Business / Industries

Poland remains a spring of hope for business

By Fu Jing (China Daily) Updated: 2012-04-27 09:40

Poland remains a spring of hope for business

Wholesaler Wang Yibin, of China, is at his shop in Warsaw's Asian Goods Distribution Center. [Photo / China Daily] 

Chinese wholesalers in Poland are keeping their heads above water much better than their counterparts in other European countries.

Poland's sustained economic growth is making most of their small businesses profitable while in those crisis-stricken countries like Greece, Spain and Portugal have had to close up shop and head back home.

Or to Poland.

"This trend has reduced our profits," said Wang Yibin in his 120-square-meter shop in Eastern Europe's biggest Asian goods distribution center, about 30 km from downtown Warsaw.

The center, set up with Chinese investment, hosts about 1,000 companies from various countries, nearly half from Asia.

After the financial crisis hit in 2008, the center attracted new wholesalers from other countries because Poland was the only country in the EU that realized economic growth.

And it still has that momentum.

Wang left China in 1992 for Russia and then did business in Romania, the Czech Republic and Hungary before settling down in Poland seven years ago. He said his business was very successful at first but went flat after Poland joined the EU as more Asian wholesalers swarmed into the country.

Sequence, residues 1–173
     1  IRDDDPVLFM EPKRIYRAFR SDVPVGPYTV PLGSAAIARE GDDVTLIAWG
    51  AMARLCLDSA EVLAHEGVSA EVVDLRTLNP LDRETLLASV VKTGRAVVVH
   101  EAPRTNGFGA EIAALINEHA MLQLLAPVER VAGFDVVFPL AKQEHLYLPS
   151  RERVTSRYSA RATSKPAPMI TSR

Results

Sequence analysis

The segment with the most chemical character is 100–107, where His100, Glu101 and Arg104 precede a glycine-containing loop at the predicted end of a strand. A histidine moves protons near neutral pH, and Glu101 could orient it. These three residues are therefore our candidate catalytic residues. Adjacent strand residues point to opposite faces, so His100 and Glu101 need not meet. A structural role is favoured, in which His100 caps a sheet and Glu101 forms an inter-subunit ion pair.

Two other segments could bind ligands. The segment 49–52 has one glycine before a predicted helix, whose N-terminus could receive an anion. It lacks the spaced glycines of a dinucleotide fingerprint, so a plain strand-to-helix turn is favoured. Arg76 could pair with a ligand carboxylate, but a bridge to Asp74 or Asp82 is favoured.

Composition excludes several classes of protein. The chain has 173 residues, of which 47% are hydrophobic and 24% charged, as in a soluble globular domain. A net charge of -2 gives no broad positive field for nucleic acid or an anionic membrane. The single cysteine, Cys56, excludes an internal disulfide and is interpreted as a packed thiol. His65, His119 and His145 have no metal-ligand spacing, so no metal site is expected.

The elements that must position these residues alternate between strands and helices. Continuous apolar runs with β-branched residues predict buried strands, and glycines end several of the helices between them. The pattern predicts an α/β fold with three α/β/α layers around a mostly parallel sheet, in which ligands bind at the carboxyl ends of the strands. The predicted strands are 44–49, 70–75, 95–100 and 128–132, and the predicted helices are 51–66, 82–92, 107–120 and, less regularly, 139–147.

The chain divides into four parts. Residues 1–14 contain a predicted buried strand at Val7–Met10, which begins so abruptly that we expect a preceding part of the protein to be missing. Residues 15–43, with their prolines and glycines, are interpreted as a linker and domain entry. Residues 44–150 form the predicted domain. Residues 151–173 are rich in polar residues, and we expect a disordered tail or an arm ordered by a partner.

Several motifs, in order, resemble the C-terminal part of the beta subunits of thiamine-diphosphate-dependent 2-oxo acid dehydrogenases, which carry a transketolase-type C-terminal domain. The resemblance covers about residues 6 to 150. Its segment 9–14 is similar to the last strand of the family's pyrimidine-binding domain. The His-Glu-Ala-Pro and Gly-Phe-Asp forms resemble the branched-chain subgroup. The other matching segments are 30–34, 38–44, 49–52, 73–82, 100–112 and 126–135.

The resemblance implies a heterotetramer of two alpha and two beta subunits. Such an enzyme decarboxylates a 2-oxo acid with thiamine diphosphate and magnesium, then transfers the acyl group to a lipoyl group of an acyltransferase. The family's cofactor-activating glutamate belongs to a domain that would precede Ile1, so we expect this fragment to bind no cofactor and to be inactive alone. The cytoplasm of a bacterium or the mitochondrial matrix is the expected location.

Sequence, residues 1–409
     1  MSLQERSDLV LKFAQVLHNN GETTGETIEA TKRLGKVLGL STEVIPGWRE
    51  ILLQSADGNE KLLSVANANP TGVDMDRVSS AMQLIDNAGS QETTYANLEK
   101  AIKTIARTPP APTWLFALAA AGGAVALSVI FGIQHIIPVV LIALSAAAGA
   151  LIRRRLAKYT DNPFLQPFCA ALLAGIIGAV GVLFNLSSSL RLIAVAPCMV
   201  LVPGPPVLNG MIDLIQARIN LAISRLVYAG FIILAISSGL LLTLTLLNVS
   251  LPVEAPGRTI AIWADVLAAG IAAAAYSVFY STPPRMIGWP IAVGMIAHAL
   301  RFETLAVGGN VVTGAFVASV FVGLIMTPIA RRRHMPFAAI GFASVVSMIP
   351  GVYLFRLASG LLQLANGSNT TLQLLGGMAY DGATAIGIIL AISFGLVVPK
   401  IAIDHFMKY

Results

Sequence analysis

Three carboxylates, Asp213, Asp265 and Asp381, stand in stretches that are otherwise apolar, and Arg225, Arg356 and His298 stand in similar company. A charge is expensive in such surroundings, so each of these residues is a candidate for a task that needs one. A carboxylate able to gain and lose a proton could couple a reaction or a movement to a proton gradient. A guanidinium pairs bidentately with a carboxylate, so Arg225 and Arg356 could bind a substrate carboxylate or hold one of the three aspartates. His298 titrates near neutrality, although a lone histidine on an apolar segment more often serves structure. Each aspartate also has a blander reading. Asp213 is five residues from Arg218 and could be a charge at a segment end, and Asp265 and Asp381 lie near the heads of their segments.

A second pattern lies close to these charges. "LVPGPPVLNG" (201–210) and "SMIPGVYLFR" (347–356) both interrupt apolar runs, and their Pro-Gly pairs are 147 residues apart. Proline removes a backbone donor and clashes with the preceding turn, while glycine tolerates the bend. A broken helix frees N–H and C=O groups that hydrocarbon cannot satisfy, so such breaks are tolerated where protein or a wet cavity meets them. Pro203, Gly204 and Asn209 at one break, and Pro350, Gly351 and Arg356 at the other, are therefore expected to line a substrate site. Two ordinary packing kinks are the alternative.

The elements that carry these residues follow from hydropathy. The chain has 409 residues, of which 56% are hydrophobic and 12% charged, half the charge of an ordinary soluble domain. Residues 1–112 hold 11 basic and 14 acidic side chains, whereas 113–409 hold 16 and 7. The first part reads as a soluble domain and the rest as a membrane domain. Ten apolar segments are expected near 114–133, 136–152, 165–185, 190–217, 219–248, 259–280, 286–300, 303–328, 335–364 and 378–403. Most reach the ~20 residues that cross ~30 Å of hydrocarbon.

Along the road from the center to downtown, business signs in Chinese and Polish can be easily spotted. In Warsaw there is an outlet filled with Chinese clothes, household appliances and other daily necessities.

According to Wang, Poland and other countries in Eastern Europe are largely friendly to them.

"Compared with our plight in Russia, it is much better," said Wang, adding that a few Russians had beaten him during his stay there in the early 1990s.

Yet Wang still struggles with complicated legal documents, which are not in his mother tongue. Even if he is allowed to register and set up a company in Poland, the Ministry of Civil Affairs may not grant an identify card.

"This is always a headache for us and it takes a lot of time for us to solve this kind of problem," said Wang.

Poland has eased visa requirements for business investors in high-end or capital sectors. Yet for Chinese shopkeepers and their families, especially those from South China, regulations can still be tight.

"I tried to invite my wife and kids to come but failed," said Wang, who is now an adviser of the Polish Chinese Association of Fujian Province.

"Polish immigration authorities are afraid that my family will not return to China once they come for a family visit, which is unfair."

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